CLEARWATER, Fla. - Cliff Lee will attempt to pitch through the tendon tear in his elbow that limited him to 13 starts last season. Despite months of rest and rehabilitation, the problem resurfaced Friday.
Lee is 36 and pitching on maybe the final contract of an accomplished career. "It's hard to find a problem with going out there and just continuing to try to do it just to see what happens," he said. Surgery would sideline the lefthander for six to eight months, ending his season and perhaps his playing days.
If he feels the discomfort in his pitching elbow increasing, Lee would likely undergo surgery. He played catch Tuesday morning, the irritation lingering, he said. He hopes it remains minimal. That does not seem likely.
A second opinion on Lee's MRI from renowned orthopedist James Andrews agreed with the original assessment from Phillies team doctor Michael Ciccotti. The tear in Lee's common flexor tendon "looks exactly the same as what it did last year," said Phillies head athletic trainer Scott Sheridan, who spoke directly with Andrews.
"Right now, I think that everyone's in agreement that we would let Cliff continue to toss a little bit and see where we go with it," Sheridan said. "Ultimately, if this fails, then we have to decide medically what we do from there."
The injury cost Lee the final two months of last season. The former Cy Young Award winner twice tried nonsurgical rehab only to feel the discomfort resurface each time. On this occasion, it came back Friday, the day after his two-inning Grapefruit League start, while he played catch.
"It's not a good sign, obviously," Lee said. "It's not good."
Surgery would at the very least almost certainly end Lee's tenure with the Phillies. His contract calls for $25 million in base salary this season and includes a $12.5 million buyout for 2016. If he had proved his health in spring training and early in the season, the Phillies could have used Lee as a potentially valuable trade chip to expedite their rebuilding project.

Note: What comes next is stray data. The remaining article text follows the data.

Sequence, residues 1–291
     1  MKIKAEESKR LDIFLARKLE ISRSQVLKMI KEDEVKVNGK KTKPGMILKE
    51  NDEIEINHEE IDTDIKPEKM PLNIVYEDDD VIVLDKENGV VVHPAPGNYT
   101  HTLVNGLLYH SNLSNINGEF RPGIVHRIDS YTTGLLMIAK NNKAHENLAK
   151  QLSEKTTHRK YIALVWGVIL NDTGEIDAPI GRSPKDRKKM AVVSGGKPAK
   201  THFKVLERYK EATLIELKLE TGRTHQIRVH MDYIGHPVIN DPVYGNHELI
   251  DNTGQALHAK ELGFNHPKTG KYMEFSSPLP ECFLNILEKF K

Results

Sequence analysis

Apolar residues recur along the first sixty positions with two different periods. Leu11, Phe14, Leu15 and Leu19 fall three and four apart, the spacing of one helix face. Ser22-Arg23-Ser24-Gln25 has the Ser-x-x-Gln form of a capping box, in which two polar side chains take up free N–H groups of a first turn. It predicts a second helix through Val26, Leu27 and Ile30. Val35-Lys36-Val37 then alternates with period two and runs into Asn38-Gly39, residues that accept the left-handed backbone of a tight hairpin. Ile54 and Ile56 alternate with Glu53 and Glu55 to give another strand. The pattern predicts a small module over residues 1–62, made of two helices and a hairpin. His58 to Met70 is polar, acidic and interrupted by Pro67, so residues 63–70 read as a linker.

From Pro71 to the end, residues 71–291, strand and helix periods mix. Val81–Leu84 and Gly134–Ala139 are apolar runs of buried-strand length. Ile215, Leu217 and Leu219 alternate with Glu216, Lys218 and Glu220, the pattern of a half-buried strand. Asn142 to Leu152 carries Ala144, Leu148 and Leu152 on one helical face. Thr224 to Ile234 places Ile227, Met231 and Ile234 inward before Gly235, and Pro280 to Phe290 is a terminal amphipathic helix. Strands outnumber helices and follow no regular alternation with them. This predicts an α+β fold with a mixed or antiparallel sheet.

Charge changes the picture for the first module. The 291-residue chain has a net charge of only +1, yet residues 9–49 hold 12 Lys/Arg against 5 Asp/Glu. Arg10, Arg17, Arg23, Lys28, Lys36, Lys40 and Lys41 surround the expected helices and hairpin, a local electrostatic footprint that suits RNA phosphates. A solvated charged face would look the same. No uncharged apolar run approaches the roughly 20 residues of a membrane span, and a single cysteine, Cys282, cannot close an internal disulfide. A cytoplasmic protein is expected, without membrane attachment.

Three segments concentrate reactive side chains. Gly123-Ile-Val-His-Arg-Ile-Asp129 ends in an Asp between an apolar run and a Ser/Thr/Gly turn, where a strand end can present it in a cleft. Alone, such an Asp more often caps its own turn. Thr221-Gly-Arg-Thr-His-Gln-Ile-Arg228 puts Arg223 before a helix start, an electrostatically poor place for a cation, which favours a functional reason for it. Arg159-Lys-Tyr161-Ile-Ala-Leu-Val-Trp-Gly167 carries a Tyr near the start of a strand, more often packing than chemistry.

General manager Ruben Amaro Jr. conceded that the Phillies are "not terribly optimistic" that Lee will be able to throw with a minimal amount of discomfort and avoid surgery.
"Listen, it got worse the last time, so the probability of that happening again is probably pretty high," Amaro said. "But we don't know that, and we won't know until he starts to throw and goes through his progression. Once he does that, then we'll know more."
Minutes after completing an encouraging scoreless two-inning start Thursday against the Houston Astros, Lee spoke of how he did not want to go out the way he did last year. Although he now faces that grim possibility, he said Tuesday he doesn't have any regrets about his career. He took extra steps this past winter and early in spring training to try to prevent a recurrence of the injury.
"I'm not going to go out there in pain to where something bad could potentially happen," he said. "That doesn't make sense to me. I'm going to play as long as I comfortably can. When it's uncomfortable to play and it hurts to play, then it's not worth it."